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Formula 1

The two-pronged performance boost new Norris deal can offer

by Edd Straw
7 min read

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Committing to a new McLaren contract, which will keep him at the team until at least the end of the 2025 Formula 1 season, brings with it a “performance benefit” that Lando Norris says was part of his reasoning for signing a long-term deal.

The 22-year-old established himself as one of F1’s top performers last year, earning third place in The Race’s top 10 of the season and in the ranking voted for by F1 drivers last year.

Given how high his stock is, and the uncertainty about how competitive McLaren will be under F1’s new regulations despite the enormous progress it has made in recent years, the timing of Norris’s new deal came as a surprise.

After all, he already had a contract keeping him there until the end of 2023.

But while Norris has talked up the value of signing up for the long term in terms of showing confidence and solidarity with the team he first joined as a junior in 2017 (pictured below), he also stressed the value in terms of improving their mutual performance levels.

Lando Norris McLaren F1

“It did feel a little bit weird that I only did one [a new deal] last season, but that was at the beginning [of the year] and for that season as well, so it wouldn’t have brought me anywhere near to 2025,” said Norris.

“This is more of just for the solidarity of me and the team and just to really put the confidence in both of us for the long term, because I see that as a benefit – one for myself, to have this longer contract and stay here for a while, and then one for the team.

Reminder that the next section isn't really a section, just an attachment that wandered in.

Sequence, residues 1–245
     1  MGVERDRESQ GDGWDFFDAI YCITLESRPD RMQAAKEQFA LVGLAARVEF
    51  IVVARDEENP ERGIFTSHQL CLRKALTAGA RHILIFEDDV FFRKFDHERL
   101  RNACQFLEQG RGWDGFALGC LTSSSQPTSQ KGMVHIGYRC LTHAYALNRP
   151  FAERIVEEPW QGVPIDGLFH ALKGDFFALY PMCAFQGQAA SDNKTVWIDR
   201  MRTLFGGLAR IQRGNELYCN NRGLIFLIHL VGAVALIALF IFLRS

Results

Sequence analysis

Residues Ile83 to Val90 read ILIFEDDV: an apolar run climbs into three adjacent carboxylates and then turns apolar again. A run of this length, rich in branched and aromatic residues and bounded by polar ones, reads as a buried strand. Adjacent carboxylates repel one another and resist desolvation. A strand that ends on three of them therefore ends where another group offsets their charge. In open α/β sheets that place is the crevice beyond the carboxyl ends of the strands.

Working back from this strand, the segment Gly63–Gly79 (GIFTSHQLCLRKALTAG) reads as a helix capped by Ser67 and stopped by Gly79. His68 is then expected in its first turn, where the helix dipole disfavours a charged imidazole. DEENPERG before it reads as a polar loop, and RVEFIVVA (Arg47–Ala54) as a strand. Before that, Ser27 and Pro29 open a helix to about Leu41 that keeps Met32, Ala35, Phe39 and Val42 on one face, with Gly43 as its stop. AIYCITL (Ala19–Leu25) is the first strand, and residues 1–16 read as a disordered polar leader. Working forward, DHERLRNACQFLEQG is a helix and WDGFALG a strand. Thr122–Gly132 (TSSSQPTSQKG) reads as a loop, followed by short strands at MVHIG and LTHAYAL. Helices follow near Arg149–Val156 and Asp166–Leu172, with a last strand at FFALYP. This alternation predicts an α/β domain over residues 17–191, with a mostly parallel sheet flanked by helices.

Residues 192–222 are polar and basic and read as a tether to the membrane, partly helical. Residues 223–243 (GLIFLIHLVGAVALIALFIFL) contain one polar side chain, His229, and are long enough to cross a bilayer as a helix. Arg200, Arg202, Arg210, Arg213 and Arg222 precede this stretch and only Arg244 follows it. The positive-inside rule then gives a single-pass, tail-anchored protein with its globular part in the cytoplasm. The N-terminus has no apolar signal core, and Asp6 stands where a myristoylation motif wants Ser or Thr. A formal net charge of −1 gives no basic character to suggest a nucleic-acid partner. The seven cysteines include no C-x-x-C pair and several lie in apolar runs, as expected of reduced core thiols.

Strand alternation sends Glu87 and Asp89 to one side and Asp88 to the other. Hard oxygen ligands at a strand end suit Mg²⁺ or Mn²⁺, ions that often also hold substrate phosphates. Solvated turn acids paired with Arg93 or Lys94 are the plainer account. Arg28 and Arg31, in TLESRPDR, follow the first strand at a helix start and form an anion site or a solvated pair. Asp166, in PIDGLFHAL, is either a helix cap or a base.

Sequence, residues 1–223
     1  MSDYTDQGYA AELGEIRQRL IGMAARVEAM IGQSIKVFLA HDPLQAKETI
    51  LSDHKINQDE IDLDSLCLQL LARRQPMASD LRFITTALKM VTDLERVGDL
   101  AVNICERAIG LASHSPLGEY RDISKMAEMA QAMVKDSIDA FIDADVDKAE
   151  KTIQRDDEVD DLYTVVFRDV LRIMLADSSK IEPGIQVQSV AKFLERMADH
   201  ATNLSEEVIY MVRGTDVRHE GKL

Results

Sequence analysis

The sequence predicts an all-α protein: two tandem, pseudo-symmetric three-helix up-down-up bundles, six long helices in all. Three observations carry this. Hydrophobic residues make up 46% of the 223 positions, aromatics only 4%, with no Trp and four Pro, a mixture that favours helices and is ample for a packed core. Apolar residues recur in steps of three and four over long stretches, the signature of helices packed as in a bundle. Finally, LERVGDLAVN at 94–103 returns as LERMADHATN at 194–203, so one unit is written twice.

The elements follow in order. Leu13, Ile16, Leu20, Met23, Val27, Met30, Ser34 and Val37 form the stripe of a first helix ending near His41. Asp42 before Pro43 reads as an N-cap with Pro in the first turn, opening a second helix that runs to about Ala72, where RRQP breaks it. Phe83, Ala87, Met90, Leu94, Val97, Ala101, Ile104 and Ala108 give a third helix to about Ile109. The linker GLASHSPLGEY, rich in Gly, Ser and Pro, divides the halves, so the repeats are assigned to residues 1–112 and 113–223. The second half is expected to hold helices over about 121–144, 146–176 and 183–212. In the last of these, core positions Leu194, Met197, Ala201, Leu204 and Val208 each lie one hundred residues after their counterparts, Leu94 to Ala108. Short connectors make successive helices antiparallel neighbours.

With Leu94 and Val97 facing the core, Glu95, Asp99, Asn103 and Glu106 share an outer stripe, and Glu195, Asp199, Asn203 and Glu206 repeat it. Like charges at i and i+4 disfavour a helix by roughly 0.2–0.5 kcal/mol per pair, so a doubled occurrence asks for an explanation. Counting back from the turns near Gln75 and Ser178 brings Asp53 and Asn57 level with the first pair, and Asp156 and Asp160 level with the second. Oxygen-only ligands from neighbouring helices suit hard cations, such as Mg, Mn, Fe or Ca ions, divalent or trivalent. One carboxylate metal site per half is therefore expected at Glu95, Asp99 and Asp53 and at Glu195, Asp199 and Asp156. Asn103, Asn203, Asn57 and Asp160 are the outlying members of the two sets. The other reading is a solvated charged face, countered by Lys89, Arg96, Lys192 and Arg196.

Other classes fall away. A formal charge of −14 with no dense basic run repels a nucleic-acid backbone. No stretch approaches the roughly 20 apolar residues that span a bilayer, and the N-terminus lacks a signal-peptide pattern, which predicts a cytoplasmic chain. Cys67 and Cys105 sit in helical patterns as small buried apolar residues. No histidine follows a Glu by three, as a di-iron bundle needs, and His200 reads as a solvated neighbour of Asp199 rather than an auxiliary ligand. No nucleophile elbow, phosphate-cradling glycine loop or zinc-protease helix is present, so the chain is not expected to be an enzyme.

“I see it as a performance benefit and motivation benefit for the mechanics, for the engineers, for everyone in MTC.

“If I want to try and find every bit of performance, then that is included in something like this. It’s not just purely in the racecar, there’s the other areas as well. And this is definitely one of them.

Lando Norris McLaren F1 pitwall

“So, it was another opportunity for me to confirm my commitment to the team, for them to confirm it with me and give the whole team the confidence that I’m here to stay.

“I want to keep trying to achieve things with them and that’s a great thing for the team. And that’s why, for my own belief, I want to do it, because I believe it’s a big motivator for them.”

Having such security does confer performance benefits. A comparison can be made with Valtteri Bottas, who felt the ongoing uncertainty over his Mercedes future given he was only ever confirmed for one season at a time did impact his performance.

While Bottas was in a different situation, struggling to match up to an all-time-great team-mate in Lewis Hamilton prior to signing up for Alfa Romeo this year – crucially on a long-term deal – it’s clear Norris values such stability despite having established himself as McLaren’s spearhead last year.

Lando Norris McLaren Valtteri Bottas Mercedes F1

While Norris seems certain to be part of Formula 1 for the next decade or more given his ability and performances, he framed this new deal in terms of having “ticked off to stay in Formula 1 for another four years”. Norris shows genuine humility for a driver in a situation where many might feel entitled to be assured of their ongoing place on the grid for as long as they want to be there.

Norris lacks the seemingly bulletproof self-confidence of, say, Max Verstappen, which supports the argument that he will harvest a performance benefit from this certainty. Not being utterly self-assured is not a sign of weakness, just as utter conviction is not automatically a guarantee of strength, but it reflects the fact Norris understands even at a young age how to get the best out of himself.

He has admitted to being unconvinced he belonged in F1 early in his career – effectively describing imposter syndrome, whereby an individual feels they are not really up to or deserving of the success they have. Only last year did he say he start to feel he belonged in F1, but despite the confidence boost it’s clear why he values such long-term stability.